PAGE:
I love family dinners, especially with my in-laws. They are perhaps the funniest group of humans I’ve had the privilege to meet, and it is definitely a gift to have married into the family. Height Family holiday dinners are invariably a cacophony of laughter, utensils and roll-throwing, a tradition that was established long ago, wherein my Grandmother-in-law tosses a dinner roll to everyone at the table… or the kids’ table. She has excellent aim.
I love, too, that American Thanksgiving dinners are a little different than Canadian ones: I don’t know if that’s regionally specific, or specific to certain families, but I’ve learned that things like green bean casserole, pasta salad and macaroni and cheese have just as much a place at this dinner as at a picnic. And that makes me wildly happy.
I tend to gravitate towards veggie side dishes at most big dinner gatherings: I usually like sides best, and when you choose to stay away from meat, gluten and dairy, they tend to be the safest options. Gram’s mashed turnip and gooey roasted sweet potatoes, in particular, are my favorites. Mmm. ;)
But suppose you wanted to amp up your Thanksgiving food experience a little, oh vegan and/or gluten-free eater and/or turkey reductionist and/or paleo-explorer… what to eat then?
Allow me to introduce my favorite super-hearty fall dish that doubles beautifully as an entrée in place of turkey, or as a flavorful side to accompany whatever else ends up piled on your plate.
Delicata Squash with Gluten-free Quinoa Stuffing and Mushroom Gravy.
Yup, it’s way good. Let’s compare with a traditional Thanksgiving main dish, shall we?
Turkey: hearty, toothsome, easily piled up; tryptophan-tastic, meaning you feel all blissed out and then uncomfortable and then hungry again
Squash: hearty, creamy, fills a plate with eye-popping volume but not a ton of excess empty calories; no tryptophan
Stuffing: a varied texture with chewy and crunchy bites, filling, grounding, comfortable
Quinoa stuffing: a varied texture with chewy and crunchy bites, filling, grounding, comfortable, plus a ton of protein to make the satiety last
Gravy: velvety smooth and filled with flavor, providing that creamy texture to make every mouthful just a little more delicious
Mushroom gravy: velvety smooth and filled with flavor, providing that creamy texture to make every mouthful just a little more delicious. Gravy is just good, no matter how you pour it, and this gluten-free vegan version is actually good for you!
It’s a simple dish to prepare, and because you can make several at once, you can appeal to both the vegans and omnivores at the table. Have it as the main event or a side, up the nutrient- and yum-factor of Thanksgiving without having to eat a weird non-food Tofurkey, and leave the table still able to walk. Everyone – especially the turkeys – wins.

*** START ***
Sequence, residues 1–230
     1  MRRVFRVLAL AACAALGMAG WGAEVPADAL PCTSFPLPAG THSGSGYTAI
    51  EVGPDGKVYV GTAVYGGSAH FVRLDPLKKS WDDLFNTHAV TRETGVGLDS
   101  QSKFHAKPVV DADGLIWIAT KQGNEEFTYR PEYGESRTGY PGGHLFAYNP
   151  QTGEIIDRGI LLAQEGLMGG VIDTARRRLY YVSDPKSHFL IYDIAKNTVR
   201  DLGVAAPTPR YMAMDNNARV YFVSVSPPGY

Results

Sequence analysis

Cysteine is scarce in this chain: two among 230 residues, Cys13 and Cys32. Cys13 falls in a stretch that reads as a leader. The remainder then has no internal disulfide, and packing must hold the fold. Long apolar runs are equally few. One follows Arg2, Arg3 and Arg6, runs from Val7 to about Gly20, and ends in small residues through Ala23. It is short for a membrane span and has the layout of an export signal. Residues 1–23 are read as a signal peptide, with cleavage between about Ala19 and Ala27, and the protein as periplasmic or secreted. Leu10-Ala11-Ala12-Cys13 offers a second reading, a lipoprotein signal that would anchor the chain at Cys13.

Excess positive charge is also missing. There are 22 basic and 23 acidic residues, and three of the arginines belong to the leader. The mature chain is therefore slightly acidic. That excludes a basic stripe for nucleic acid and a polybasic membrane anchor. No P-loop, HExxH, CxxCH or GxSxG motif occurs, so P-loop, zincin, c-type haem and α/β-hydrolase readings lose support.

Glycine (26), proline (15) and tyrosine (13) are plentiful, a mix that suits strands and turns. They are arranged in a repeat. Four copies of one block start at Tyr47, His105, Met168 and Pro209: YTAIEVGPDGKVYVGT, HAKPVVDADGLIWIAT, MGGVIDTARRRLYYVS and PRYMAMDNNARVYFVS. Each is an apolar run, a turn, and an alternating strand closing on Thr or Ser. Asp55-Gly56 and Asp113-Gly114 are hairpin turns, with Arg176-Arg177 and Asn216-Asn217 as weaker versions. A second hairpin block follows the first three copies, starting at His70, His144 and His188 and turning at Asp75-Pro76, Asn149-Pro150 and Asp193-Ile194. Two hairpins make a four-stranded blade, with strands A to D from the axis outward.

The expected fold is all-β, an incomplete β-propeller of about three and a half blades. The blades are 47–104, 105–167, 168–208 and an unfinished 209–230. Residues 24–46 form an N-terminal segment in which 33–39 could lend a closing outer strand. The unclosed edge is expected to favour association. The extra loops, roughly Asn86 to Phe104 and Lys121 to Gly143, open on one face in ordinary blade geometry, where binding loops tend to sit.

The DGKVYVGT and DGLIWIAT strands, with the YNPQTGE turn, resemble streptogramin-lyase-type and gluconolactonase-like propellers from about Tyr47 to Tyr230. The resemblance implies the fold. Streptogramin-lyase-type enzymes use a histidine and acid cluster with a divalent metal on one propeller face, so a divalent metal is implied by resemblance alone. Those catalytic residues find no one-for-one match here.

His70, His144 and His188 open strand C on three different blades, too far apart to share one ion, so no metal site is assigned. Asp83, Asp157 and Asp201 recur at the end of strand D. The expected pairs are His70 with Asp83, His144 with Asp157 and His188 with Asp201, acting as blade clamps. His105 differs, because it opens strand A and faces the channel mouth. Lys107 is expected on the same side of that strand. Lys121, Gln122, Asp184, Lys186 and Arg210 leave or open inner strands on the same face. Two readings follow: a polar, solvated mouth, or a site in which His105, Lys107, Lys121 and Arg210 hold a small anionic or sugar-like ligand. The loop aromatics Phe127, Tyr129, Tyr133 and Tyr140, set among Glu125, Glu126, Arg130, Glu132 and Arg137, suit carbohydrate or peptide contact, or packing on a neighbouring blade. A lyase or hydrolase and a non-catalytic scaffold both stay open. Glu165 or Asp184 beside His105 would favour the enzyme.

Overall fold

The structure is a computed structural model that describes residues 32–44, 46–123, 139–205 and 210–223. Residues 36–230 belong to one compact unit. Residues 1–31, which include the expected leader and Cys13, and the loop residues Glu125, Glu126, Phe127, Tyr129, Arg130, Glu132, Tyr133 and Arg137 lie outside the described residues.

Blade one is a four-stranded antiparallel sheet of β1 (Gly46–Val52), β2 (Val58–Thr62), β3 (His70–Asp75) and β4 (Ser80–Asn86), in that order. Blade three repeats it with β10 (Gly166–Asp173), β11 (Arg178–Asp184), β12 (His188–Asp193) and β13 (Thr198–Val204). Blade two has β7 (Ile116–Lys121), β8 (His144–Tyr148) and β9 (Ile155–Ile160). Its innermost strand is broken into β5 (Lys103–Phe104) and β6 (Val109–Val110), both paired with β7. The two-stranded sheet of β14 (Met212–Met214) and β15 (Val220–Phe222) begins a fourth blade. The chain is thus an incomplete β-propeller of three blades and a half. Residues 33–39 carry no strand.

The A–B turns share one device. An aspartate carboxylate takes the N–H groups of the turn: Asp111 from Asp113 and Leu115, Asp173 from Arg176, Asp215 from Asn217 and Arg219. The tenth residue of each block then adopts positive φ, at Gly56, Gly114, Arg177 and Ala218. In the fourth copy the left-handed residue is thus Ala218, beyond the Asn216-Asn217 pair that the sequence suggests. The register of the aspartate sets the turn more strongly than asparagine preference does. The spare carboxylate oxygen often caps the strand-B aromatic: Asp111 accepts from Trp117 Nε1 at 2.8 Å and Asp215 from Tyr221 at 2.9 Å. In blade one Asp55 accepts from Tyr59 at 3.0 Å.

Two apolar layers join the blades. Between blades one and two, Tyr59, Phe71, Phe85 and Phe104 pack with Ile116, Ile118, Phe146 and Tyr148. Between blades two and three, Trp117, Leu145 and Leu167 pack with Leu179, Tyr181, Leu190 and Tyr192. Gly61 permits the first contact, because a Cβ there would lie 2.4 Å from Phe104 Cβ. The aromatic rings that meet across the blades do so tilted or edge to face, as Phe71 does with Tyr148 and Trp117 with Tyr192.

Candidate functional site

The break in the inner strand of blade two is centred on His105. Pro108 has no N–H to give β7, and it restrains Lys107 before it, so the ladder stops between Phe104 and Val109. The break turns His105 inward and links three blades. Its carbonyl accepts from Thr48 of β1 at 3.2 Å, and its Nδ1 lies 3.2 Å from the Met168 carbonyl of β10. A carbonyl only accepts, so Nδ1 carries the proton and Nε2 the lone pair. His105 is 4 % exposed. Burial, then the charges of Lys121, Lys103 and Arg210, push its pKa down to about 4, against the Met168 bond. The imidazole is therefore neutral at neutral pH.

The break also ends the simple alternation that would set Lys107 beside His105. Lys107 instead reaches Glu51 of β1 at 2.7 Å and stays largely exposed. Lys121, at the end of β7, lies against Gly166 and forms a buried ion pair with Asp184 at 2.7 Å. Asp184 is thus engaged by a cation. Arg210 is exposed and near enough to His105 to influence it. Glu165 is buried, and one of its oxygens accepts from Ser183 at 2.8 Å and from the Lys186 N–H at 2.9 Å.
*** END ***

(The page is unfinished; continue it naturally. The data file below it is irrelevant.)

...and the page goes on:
- 2 delicata squash, halved and seeded
- olive oil
- 2 cups cooked quinoa
- 1 white onion, diced
- 3 cloves garlic, minced or pressed
- 1 tsp poultry seasoning
- 1/2 tsp sage
- 1/2 tsp thyme
- 1/2 tsp ground fennel
- 4 tbsp dried currants or raisins, optional
- salt and pepper
- **Mushroom Gravy
- 1 tbsp olive oil
- 1 tbsp fennel seeds
- 1 tsp dried sage
- 1 tsp dried thyme
- 2 cups baby bella or crimini mushrooms, sliced
- salt and pepper to taste
- 1/3 cup cooking sherry or cheap red wine
- 4 tbsp chickpea flour
- 1/2 cup water
- 1. Preheat oven to 375F.
- 2. Lightly oil the insides of your squash and place cut-side down on a baking sheet. Bake for 25-30 minutes until tender-firm. You should be able to pierce them easily with a fork, but the squash should retain its shape.
- 3. While your squash cooks, get started on your gravy. Heat remaining oil over medium in a saucepan. Add fennel, sage and thyme and let it cook through until fragrant (about 90 seconds). Add mushrooms and stir to coat with spice-oil mixture. Season with salt and pepper, reduce heat, and cook for about 10 minutes.
- 4. While these cook, warm a little oil over medium heat in your other skillet and add garlic, onions and remaining spices. Sautee together for 5-6 minutes until tender and very fragrant. Then add cooked quinoa and stir everything together to mix evenly. Add currants (if using), and salt and pepper, then turn heat to low to keep stuffing warm. Stir occasionally.
- 5. At this point, your mushrooms should have released their juices and reabsorbed them. Add sherry and stir.
- 6. Whisk in the chickpea flour and 2 tbsp of water at a time. Whisk to remove any flour lumps, add a little more water, repeat until it reaches a thick, gravy-like consistency. Remove gravy and stuffing from heat.
- 7. Remove squash halves from the oven and fill each one with stuffing. Still have time to kill until dinner? Turn your oven down to 250F and return the squash to the oven, with filling, to stay warm until you serve them. Serving right away? Go for it. Everything should be cooked and in good shape to head right to the table. Serve with gravy on the side.
- Save time by prepping your quinoa in advance. If you're making it from scratch, put it on to cook for 15 minutes while you prep your squash. Combine 1 cup dry quinoa with 2 cups water, cover and bring to a boil. Once rolling, reduce heat to simmer and cook 12-15 minutes until all water is absorbed.